Seasonal Fucha bento box
Restaurant name
Fucha cuisine Bon
Fucha cuisine (Shojin cuisine)
A dish of goodness
Fucha lunch bento box
episode 01

Beloved for 50 years,
What is the specialty Unagi-Tofu?

”Ryusen" in Taito-ku is known as a place associated with Ichiyo Higuchi, a historical figure. "Fucha cuisine Bon" is located in a quite temple town.

"Fucha cuisine" was introduced during the early Edo era by the Zen Ingen (Ingen Zenshi), who brought it from Ming (China). The term "Fucha" embodies the idea of "serving tea and meals to all people equally". In a Fucha cuisine, there is no distinction between social classes, and everyone enjoys tea and food equally.

You can enjoy Fucha cuisine with Kaiseki-style dishes in an elegantly designed traditional tearoom. In addition, for those seeking a more casual dining experience, they also offer a popular menu "Fucha Bento box" for weekday lunch hours, for 3,450 yen (excluding tax and service charges).

Menu changes monthly. As for April, we could feel the Spring's Cherry Blossom viewing atmosphere from the dish. 

A meal starts from "Sarei: tea ceremony"

Ryuzo Furukawa san, the second-generation owner explained, "In the tea ceremony, the act of sharing tea signifies coming together as one, where individuals in the same table drink tea together and unite their hearts. It's similar to cheering with beer; it's a way to commence the meal with our hearts in harmony." Furukawa san, along with his wife and his son and his son's wife, continues to uphold the legacy passed down from the previous generation.

The tea ceremony on this day featured Sakura Kosencha (cherry blossom-scented green tea). With each sip, you'll experience the gentle aroma of cherry blossom rice cakes (mochi) and a subtle saltiness like kombu tea, spreading softly.

As an accompaniment to the tea ceremony, homemade dried confectionery is served, and you may notice characters engraved on them. According to Furukawa san, these characters represent the Sanskrit syllables that symbolize the guardian deity of the current year (zodiac). In the case of this year, the guardian deity of tiger Kokuuzo Bosatsu and one of these syllables is engraved onto the confectionery as a symbol.

The moment of savouring Sanskrit character confectionery sweets alongside the Sakura Kosencha adds to the sense of uniqueness when visiting here. It also builds excitement for the experiences that lie ahead.

Weekday lunch "Fucha Bento box" comes with seasonal soup, Enkou-style bento, simmered dishes, buddhist fried vegetables, Inaniwa udon noodles, and seasonal fruits, all served individually.

Here, let me introduce the main dish, the "Enkou-style bento box". This bento is creatively crafted in a crescent-shaped box, packed with a vibrant assortment of dishes made from seasonal spring ingredients. This bento offers the spirit of hanami (cherry blossom viewing) even during a meal.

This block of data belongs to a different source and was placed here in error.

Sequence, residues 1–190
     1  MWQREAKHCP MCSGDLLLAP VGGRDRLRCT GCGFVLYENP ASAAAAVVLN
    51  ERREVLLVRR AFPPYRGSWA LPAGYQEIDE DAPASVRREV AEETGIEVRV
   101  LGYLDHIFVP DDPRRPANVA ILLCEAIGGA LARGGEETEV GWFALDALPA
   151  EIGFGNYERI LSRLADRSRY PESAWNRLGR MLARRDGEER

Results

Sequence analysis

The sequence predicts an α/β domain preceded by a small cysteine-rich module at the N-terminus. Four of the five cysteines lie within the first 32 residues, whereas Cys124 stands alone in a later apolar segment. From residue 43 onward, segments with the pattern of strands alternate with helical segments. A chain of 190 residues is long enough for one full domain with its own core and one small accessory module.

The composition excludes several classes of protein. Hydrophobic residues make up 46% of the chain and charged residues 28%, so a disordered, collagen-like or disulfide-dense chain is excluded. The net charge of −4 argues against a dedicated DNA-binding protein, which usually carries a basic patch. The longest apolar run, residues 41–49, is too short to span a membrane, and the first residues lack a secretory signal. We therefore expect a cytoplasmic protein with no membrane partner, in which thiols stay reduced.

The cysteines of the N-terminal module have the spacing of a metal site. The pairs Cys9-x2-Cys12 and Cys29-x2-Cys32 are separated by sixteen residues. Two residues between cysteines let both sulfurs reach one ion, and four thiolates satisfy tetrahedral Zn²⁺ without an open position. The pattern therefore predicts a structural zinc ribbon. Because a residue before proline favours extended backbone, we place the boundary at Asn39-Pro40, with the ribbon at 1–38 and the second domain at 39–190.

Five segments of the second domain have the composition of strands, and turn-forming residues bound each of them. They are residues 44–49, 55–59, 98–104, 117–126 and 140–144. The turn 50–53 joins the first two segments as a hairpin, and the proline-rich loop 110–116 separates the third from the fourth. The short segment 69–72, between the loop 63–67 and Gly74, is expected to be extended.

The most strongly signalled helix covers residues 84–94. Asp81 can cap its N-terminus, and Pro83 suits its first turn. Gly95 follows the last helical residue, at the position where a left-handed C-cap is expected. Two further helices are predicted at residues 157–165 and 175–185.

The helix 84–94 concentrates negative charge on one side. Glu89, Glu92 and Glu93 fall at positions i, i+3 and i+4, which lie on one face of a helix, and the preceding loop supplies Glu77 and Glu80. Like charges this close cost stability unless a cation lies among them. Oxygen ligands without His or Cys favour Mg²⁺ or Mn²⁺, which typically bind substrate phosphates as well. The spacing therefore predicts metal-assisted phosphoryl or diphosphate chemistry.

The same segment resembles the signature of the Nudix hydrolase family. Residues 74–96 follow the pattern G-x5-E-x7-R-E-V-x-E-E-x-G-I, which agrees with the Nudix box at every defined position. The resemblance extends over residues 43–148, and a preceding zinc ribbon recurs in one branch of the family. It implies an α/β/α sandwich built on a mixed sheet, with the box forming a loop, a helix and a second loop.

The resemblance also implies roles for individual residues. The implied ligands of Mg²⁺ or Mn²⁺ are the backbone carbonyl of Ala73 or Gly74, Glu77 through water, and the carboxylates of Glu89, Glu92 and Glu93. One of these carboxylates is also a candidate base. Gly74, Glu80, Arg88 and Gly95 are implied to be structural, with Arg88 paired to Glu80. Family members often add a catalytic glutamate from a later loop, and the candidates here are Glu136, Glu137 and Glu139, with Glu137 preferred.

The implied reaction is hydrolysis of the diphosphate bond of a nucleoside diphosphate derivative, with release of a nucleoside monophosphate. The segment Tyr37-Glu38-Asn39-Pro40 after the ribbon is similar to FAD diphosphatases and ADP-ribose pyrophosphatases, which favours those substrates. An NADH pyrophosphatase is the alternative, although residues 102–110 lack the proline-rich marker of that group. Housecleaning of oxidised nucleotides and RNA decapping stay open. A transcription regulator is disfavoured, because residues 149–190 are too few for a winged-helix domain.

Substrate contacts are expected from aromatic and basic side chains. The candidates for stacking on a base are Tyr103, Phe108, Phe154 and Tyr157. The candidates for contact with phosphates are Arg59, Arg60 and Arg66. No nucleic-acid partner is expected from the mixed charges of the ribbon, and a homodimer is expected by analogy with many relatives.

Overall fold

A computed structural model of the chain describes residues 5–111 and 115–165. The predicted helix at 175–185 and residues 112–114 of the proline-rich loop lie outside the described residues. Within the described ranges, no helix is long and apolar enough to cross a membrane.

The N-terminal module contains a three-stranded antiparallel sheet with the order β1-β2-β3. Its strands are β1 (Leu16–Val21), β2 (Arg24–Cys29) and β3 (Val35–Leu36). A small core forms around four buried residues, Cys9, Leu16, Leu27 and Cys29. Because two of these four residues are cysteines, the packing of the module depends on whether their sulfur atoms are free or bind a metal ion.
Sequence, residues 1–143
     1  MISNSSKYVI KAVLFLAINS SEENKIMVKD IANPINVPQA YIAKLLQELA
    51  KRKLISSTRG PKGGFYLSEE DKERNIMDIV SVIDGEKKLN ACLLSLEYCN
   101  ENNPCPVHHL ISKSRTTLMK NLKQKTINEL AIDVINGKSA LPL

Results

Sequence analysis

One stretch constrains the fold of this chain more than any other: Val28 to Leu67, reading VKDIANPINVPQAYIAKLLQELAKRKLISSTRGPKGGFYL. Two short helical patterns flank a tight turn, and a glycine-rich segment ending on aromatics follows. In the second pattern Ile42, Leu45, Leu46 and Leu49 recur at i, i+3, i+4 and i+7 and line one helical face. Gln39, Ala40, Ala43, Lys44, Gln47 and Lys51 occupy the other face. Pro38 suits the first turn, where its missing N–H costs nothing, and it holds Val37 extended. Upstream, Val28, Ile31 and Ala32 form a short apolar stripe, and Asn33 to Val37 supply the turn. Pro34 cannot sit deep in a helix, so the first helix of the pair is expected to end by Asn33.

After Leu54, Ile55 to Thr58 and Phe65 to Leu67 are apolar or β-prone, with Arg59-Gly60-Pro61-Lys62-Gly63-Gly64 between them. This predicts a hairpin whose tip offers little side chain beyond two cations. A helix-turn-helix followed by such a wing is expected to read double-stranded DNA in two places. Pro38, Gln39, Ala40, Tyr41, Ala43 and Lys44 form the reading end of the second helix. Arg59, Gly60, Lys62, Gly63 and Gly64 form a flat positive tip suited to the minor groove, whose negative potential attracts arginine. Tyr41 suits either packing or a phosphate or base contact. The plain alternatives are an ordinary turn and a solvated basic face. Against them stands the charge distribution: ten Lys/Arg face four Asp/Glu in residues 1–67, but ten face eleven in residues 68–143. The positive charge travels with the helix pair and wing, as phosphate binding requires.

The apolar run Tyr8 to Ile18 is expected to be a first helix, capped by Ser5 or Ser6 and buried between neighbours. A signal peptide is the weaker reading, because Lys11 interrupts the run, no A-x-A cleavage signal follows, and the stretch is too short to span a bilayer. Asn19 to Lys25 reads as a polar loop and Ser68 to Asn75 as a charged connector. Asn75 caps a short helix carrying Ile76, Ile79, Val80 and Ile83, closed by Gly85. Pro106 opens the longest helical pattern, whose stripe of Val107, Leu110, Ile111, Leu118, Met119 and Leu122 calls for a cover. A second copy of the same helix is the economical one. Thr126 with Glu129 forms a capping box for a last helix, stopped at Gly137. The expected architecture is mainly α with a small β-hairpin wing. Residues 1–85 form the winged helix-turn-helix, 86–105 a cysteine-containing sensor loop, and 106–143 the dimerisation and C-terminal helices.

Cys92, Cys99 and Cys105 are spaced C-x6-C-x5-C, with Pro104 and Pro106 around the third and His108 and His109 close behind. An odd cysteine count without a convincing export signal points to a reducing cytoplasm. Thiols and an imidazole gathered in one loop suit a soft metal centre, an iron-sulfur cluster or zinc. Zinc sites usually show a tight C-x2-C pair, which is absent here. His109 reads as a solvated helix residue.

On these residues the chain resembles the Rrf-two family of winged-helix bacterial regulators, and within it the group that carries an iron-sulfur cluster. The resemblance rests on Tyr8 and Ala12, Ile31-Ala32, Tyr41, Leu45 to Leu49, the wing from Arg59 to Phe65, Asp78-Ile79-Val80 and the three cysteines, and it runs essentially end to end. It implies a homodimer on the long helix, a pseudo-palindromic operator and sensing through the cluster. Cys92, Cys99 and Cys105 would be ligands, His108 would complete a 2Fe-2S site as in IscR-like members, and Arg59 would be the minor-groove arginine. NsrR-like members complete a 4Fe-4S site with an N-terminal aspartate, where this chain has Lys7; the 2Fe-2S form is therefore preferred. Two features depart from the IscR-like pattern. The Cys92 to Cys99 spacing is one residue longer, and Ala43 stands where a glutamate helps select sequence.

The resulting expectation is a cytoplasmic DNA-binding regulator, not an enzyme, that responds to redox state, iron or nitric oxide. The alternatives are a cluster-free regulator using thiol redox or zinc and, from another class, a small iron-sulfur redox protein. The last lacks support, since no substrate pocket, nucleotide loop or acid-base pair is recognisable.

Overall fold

The side dishes include: Vinegar marinated dish with Nagaimo (Japanese long yam) and Mozuku Seaweed, resembling whitefish, Gisei Tofu (a tofu dish with vegetables processed to create a meat-like texture), Fuki Manju, a steamed bun wrapped in bamboo leaves, Assorted Dish with Cherry Blossom Flowers and Urui (one of the spring greens), Karaage-style burdock root (Gobo) shaped like old tree, Shigure-ni, a simmered dish made from nama-fu (raw wheat gluten) resembling sazae (shellfish), Fried Mixed Grains resembling the grains from a five-grain plant, and more.

There are approximately 15 different dishes including simmered, steamed, fried, and grilled dishes. Each of them is intricately prepared, and they feature creative presentations and unique touches that are characteristic of vegetarian cuisine. Choosing which one to start with, fills your heart with warmth and adds a sense of enjoyment to the meal.

And in the upper middle section, there's the famous Unagi-Tofu (Eel and Tofu). This particular dish remains year-round while the contents of the Fucha Bento changes monthly to feature seasonal ingredients.

The appearance is reminiscent of a perfectly grilled eel with its enticing crispy texture and a glossy glaze from the sauce. It makes a satisfying sound as you bite into it, crispness, steamed-like softness, and even a subtle hint of the texture reminiscent of small bones. Additionally, there's a delicate fragrance of sansho pepper. Both in taste and texture, it truly captures the essence of grilled eel. It's so delightful that it's hard not to be impressed.

During the summer, seasonal dishes like "Tofu Eel Zaku-style" may be included as part of the course. However, knowing that you can enjoy this elegant specialty year-round as part of the Fucha Bento explains why many customers choose to visit specifically for this iconic dish.